Fortunately for me, I’m nobody’s parent.
I know all sorts of people, most of which are my age or even younger, who have already pushed out a kid or two. And hey, that’s great. I plan on having some little Uproars running underfoot someday, mostly because having an empty little mind to fill up with whatever I want is quite enticing. But at this point in my life, I really can’t imagine being solely responsible for a little person. Besides, I’m a long way away from that step. First up, getting a girl to go out with me. And then, well, you can probably get where this is going.
Good thing I follow Man vs. Debt on the Twitter, or else I wouldn’t have stumbled upon a great article over at CNN, all about the cost of raising a kid. That’s only the one kid, not several. In case you’re wondering, the cost is $226,920 for a middle class, 2 income family. There’s no mention if that cost goes down if you make Junior a sister, so let’s assume that a typical family will pay a half a million bucks for the privilege of replacing the parents.
There’s so many things wrong with this number I don’t even know where to begin.
This number was tabulated by the Department of Agriculture. What the hell does the Department of Agriculture know about the cost of raising a kid? Shouldn’t they stick to, oh I don’t know, FARMING? Stay tuned for the next report from that department, on the status of medicare.
And hey, did you know that the cost of everything has gone up over the last 10 years? Oh yeah, this is the first I’m hearing of it too. The cost of having kids is 40% higher than 10 years ago, even though inflation has averaged 2.5-3% over those 10 years. So in reality, it costs less than 10% more to raise a kid than 10 years ago, since inflation compounds annually.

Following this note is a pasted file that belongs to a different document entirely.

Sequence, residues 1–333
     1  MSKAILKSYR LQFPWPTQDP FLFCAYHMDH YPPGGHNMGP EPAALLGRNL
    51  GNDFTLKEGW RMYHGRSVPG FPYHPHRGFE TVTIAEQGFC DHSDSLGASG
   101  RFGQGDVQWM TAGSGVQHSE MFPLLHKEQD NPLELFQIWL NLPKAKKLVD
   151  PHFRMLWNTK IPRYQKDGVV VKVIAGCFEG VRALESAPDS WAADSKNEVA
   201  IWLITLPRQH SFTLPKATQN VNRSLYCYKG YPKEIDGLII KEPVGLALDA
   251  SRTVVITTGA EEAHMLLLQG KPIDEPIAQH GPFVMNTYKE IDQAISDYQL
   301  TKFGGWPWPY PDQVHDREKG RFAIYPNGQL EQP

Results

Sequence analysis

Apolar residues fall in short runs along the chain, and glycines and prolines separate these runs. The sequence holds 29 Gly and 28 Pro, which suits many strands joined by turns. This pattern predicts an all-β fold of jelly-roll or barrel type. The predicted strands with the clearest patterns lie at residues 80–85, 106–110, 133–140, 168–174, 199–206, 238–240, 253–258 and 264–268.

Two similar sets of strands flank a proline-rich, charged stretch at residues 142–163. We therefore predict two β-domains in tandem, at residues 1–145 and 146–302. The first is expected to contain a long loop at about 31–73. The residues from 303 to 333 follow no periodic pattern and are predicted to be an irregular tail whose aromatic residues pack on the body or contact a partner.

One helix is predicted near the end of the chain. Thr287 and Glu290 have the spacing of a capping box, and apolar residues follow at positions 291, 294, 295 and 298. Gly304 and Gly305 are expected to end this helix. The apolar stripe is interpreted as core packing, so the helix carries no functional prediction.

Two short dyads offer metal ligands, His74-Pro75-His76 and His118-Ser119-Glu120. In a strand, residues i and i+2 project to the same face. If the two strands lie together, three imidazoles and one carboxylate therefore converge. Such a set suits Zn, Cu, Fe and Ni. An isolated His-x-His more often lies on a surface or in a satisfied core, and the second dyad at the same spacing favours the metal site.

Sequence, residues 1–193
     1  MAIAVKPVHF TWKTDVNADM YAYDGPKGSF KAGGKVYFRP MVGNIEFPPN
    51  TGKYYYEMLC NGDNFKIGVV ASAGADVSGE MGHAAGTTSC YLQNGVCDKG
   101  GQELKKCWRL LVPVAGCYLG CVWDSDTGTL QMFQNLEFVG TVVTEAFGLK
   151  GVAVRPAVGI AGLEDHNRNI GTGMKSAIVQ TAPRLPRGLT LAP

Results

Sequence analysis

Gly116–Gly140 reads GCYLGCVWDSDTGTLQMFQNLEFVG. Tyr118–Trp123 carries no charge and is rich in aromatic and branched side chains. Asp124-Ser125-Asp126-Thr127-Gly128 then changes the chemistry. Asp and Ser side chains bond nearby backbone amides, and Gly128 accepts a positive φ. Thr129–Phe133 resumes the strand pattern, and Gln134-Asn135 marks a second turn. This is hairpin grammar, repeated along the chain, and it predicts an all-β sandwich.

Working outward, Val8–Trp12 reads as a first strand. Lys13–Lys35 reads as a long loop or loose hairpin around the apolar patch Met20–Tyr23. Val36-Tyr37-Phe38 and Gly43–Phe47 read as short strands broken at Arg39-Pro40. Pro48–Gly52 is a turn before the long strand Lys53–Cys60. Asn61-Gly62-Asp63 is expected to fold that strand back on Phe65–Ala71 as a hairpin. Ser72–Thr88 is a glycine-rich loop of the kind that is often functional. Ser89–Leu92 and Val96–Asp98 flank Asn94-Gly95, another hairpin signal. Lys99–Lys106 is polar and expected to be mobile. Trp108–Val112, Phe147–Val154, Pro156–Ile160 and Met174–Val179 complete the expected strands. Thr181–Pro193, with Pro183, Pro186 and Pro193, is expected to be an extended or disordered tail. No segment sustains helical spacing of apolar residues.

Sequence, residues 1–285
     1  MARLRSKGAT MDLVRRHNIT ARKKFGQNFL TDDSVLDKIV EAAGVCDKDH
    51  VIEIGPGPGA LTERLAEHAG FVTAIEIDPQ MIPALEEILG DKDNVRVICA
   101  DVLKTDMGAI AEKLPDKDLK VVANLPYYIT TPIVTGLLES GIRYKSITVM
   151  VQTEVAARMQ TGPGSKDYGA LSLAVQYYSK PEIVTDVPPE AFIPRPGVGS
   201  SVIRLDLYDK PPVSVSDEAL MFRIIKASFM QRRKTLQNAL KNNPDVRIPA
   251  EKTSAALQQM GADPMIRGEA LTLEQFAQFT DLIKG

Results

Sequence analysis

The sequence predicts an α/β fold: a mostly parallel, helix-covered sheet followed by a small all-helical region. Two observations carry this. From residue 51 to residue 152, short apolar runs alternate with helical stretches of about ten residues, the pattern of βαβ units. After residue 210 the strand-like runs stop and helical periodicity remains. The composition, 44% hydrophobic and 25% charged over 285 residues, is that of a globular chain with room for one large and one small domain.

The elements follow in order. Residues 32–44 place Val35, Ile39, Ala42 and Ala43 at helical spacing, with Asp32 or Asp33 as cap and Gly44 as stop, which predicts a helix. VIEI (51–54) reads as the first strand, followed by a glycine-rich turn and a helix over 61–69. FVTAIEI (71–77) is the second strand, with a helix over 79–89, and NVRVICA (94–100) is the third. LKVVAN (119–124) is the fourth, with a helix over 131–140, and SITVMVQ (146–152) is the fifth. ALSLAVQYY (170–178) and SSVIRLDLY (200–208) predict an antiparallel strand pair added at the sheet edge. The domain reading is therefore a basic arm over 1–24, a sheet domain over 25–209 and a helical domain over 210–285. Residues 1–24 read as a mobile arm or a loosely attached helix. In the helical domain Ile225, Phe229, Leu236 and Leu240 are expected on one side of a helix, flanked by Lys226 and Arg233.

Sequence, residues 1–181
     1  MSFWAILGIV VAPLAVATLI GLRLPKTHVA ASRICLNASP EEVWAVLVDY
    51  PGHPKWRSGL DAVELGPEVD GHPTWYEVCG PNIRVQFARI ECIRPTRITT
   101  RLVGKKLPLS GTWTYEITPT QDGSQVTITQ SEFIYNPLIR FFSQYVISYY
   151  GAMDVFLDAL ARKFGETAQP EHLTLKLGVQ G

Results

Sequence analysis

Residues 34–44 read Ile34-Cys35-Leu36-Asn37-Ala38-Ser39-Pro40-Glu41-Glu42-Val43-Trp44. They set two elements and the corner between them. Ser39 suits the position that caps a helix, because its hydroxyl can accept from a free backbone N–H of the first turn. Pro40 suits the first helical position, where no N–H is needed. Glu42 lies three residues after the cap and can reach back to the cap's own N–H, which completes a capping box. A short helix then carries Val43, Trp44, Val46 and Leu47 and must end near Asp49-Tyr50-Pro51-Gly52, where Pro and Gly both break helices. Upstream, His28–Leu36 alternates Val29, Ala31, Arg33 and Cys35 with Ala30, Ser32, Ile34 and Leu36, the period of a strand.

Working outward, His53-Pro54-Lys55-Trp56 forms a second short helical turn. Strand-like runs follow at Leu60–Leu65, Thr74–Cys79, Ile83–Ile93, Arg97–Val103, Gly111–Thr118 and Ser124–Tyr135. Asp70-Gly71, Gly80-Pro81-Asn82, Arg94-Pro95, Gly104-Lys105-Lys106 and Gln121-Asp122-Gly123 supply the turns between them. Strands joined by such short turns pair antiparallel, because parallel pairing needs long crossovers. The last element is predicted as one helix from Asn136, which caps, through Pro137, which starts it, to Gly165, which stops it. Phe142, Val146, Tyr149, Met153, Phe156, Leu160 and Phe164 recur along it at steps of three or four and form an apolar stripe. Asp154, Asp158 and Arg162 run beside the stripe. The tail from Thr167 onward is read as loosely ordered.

But wait, there’s more! The article does a handy job of breaking down the the numbers. The biggest expense, checking in at 31% of the total cost is housing. It costs $69,660 to keep a roof over Junior’s head. Divide that by 18 years and you get an extra $3870 per year to house a bedroom that would most likely just sit empty if there wasn’t a kid to occupy it. Or maybe you live in some sort of fantasy world where people don’t have extra bedrooms in their house.
And then there’s transportation. The report claims it costs a parent $1716 in extra transportation costs to drive to and from soccer practice. Assuming 50 cents per kilometer cost (yep, my Canadian is showing again) of driving, the kid caused the parent to drive an extra 3432 km. Apparently every parent lives out in the middle of nowhere.
There’s more that I can point out about the report, but I just won’t bother. Let’s take a step back and look at the big picture.
First, there’s the problem with average, especially in areas that have higher and lower costs of living. What exactly is an average income for 2 working parents? Parents who live in New York City or San Francisco probably make far larger salaries than the plain folks of Des Moines Iowa. They enroll their kids in more expensive stuff and feed them more expensive food, since the cost of living is generally much higher in those places. Meanwhile, the folks in Des Moines are so bored that they get drunk and go out to the country to tip some cows.
Step one to get below the average is to live somewhere cheap.
You can figure out where I’m going with this. Kids love Kraft Dinner, yet their parents feed them the all organic substitute from Whole Foods (made with real goat cheese, yum!) because parents can be incredibly douchey. In Canada, every kid is enrolled in hockey, often before they can skate without falling over, because they’re the next Sidney Crosby. Most parents drive two next to new cars, paying interest on both of them, because they bow to the peer pressure of driving something nice. The bottom line is that parenting, like many things in life, costs about what you decide it’ll cost.
What’s the point of reports like this one? Is it to scare people into not having kids if they can’t afford it? Is it to encourage parents to spend on their children? I don’t get it.